Treatment for Juvenile Rheumatoid Arthritis
Juvenile rheumatoid arthritis (JRA) usually is treated using a combination of medications, physical therapy, and exercise. The goals of treatment are to reduce inflammation and pain, prevent or limit joint damage, and improve or maintain joint and body mobility, so that the child can remain physically and socially active.
Medications to Treat JRA
Inflammation and pain typically are treated with nonsteroidal anti-inflammatory drugs (NSAIDs), such as ibuprofen or naproxen. Dosage levels of these medications can be increased or decreased, depending on how the child responds.
If NSAIDs are not effective, disease modifying antirheumatic drugs (DMARDs) can be prescribed. NSAIDs and DMARDs can cause serious side effects and should only be used as directed by a qualified physician. If JRA affects a single joint, treatment may involve a steroid injection directly to the joint, before other medications are prescribed.
In some cases, oral steroids are prescribed for a short period of time. Oral steroids can cause weight gain, stunted growth, and an increased risk for infection.
In April 2011, the U.S. Food and Drug Administration (FDA) approved tocilizumab (Actemra) to treat active systemic idiopathy arthritis (SJIA) or Still's disease. In this serious form of JRA, children experience severe inflammatory complications, such as high fevers, rashes, high blood counts and swelling of the lymph nodes, liver and spleen. Tocilizumab is approved for children over the age of 2, alone or in combination with methotrexate. This drug carries a black box warning for severe infection risk and may cause headache, sore throat, diarrhea and respiratory infections.
Physical Therapy to Treat JRA Symptoms
Physical therapy is an important part of the treatment plan for JRA. Physical therapists develop a program of activities and exercises for the child that is geared toward his or her specific condition. The goals of these activities are to improve joint flexibility and build strength and endurance. In some cases, the physical therapist constructs splints to control joint contracture (stiffness in the joint caused by structural changes in tissues surrounding joints, such as muscles, ligaments, and tendons, that prevent full extension) or deformity.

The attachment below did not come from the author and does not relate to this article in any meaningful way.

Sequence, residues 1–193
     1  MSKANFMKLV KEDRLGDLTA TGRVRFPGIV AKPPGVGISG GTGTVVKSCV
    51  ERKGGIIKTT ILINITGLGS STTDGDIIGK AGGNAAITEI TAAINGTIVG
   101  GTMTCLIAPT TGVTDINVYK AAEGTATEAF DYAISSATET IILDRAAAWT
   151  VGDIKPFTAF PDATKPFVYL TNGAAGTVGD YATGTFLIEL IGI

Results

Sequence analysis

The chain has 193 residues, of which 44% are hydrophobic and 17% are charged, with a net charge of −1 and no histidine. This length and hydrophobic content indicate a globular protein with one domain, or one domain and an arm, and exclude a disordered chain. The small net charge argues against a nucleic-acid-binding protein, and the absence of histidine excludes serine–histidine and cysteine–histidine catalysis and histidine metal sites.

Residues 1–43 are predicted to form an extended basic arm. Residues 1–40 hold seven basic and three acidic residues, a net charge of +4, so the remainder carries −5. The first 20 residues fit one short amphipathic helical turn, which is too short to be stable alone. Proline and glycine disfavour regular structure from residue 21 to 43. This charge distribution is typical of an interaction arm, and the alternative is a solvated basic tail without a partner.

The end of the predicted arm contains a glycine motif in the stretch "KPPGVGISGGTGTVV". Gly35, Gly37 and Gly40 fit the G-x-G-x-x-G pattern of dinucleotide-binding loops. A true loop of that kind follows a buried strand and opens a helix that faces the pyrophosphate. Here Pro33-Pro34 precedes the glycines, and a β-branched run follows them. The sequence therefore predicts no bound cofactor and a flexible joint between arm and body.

Exercise to Treat JRA Symptoms
Children who have JRA may avoid physical activity because of pain. However, regular exercise can help keep muscles strong, protecting joints and helping to maintain range of motion. Many activities are safe for children with JRA, including walking, swimming, and stationary bicycling. Parents and caregivers should consult with the child's medical team before enrolling him or her in any sports program, as some sports are too risky for children with weakened joints.
Other Treatments for JRA
Joint pain and stiffness sometimes can be alleviated with heating packs or a hot bath or shower. Children who have JRA should eat a well-balanced diet and maintain a healthy weight. Foods that contain adequate amounts of calcium (e.g., dairy products, tofu, beans, fortified orange juice, salmon) are important to help promote bone health.
Regular eye care and dental screenings are also important. Regular eye exams can help detect complications due to JRA, such as iritis. Children with JRA may have difficulty opening their jaws, making it difficult to brush or floss properly. Medications used to treat JRA also can affect teeth and gums.
Although it can be difficult to live with the effects of JRA, it is important for children who have the condition to be as involved in the normal routines of family and school Children who are as active as possible often have a better long-term outlook. Parents and caregivers should encourage the child to follow the exercise program developed by the physical therapist.
Federal Act 504 requires schools to work with families in making necessary adjustments to children's schedules and other school-related activities. Juvenile rheumatoid arthritis support groups may help families connect with others affected by the disease.
Surgery to Treat JRA
Surgery is rarely required to treat JRA. However, in severe cases, it may be used to reduce pain, release joint contractures, or replace a damaged joint. Joint replacement surgery is used primarily in older children who have achieved complete (or near complete) growth and who have extensive joint damage (usually in the hip, knee, or jaw).
Children who have juvenile rheumatoid arthritis typically experience long periods of remission, especially with the onset of puberty. Remission occurs in about 75 percent of cases, with minimal deformity or loss of function. JRA rarely is life threatening.